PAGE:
I’ve found that when I really get to know them and continue to use an athlete-centered approach, I can see where they’re going and what they’re fixated on. For example, one athlete might be fixated on weight. That person may believe that if he cuts three more pounds he’ll run 10 seconds faster per mile on the marathon. I might have to explain to him that I can’t argue that, but if he loses his lean body mass, the muscle mass, then he might not have the muscle strength he needs to run well. To me, it’s about empowering my athletes.
In this day and age, as an athlete, I think if you’re not using something like TriDot, you’re missing your mark. You might be overtraining. You may be more apt to getting injured. Then on race day, you’re not going to give a five-star performance. Probably just a three. If you had a bit more structure, you could hit that five.
Do you set goals with your athletes?
I think goals and objectives are key. I try to get my athletes to open up. When I meet them initially, I give them a questionnaire and then we go through it. Once I get to know them and they trust me, I can be a much more effective advisor and mentor. An athlete may set out for a full Ironman and want to qualify for Kona, but I might have to tell him that based on his 5k splits on his run and his 200-meter swim, he might be more geared toward a half Ironman. I tell him we can definitely go the full distance and I’ll support him along the way. But he’s really got to look in the mirror and see what he wants. I think that’s really important to have athletes set the tone and once they trust you, then they’ll ask for help.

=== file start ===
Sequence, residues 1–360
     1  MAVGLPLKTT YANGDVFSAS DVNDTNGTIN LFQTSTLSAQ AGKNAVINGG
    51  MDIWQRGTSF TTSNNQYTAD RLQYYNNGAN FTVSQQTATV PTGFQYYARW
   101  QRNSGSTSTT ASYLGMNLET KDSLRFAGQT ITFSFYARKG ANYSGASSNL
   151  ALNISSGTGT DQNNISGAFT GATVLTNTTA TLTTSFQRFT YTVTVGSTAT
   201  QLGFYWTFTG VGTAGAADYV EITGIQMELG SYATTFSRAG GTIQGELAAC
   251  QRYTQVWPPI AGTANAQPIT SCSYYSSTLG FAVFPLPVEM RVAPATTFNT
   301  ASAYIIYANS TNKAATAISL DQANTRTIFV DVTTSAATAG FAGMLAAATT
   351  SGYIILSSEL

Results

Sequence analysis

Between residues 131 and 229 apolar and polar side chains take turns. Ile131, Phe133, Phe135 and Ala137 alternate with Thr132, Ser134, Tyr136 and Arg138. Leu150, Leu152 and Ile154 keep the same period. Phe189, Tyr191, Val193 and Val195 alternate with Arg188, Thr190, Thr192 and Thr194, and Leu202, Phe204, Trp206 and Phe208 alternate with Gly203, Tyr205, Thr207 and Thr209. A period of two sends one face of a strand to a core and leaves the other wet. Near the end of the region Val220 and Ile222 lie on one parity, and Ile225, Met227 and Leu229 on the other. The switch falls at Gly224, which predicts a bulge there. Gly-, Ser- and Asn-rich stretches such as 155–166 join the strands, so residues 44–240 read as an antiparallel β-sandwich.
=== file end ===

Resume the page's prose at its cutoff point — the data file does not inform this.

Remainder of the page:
What are you most proud of as a coach?
Every athlete has a different story. The most gratification I get out of coaching triathletes since I started coaching athletes in my early twenties is showing people that with hard work, with goalsetting, and with that mindset for continuous improvement, they’re going to far exceed their goals. In the physical aspect, preparation, motor skills, and technique are crucial. More importantly, it’s the mental approach. It’s getting them to believe in themselves.
As a coach, I tell my athletes I’ve got an overall view of their training and racing strategy and workout plan, like I’m the mothership. And I’m going to look out after them. They don’t have to worry about it. We’ll take it one step at a time and that every step they take they’re getting closer to their goal. I also give them little visual or mental cues: fast feet on the run, keep your cadence up and your upper body relaxed on your bike, think about your breathing on the swim. These are little things that through the years I’ve learned and that I share. It’s gratifying for me.
How optimistic are you about your triathlon future?
I’ve had a sensational year. I did three Ironman races in 10 weeks and won all of them in my age group. On the second one, I set a personal record since my comeback in 2013 when I re-entered the sport. And the final one in Idaho, I ran my fastest marathon off my bike. I’ve exceeded all my expectations. TriDot has been a big part of that. My family and a lot of people have really pushed me. So now it’s all about going out and having fun and doing it. On race day I just want to enjoy every aspect of it, the good, the bad, and the indifferent.
In a future blog, we’ll talk to Kurt about his recent 2016 IRONMAN World Championship experience at Kona.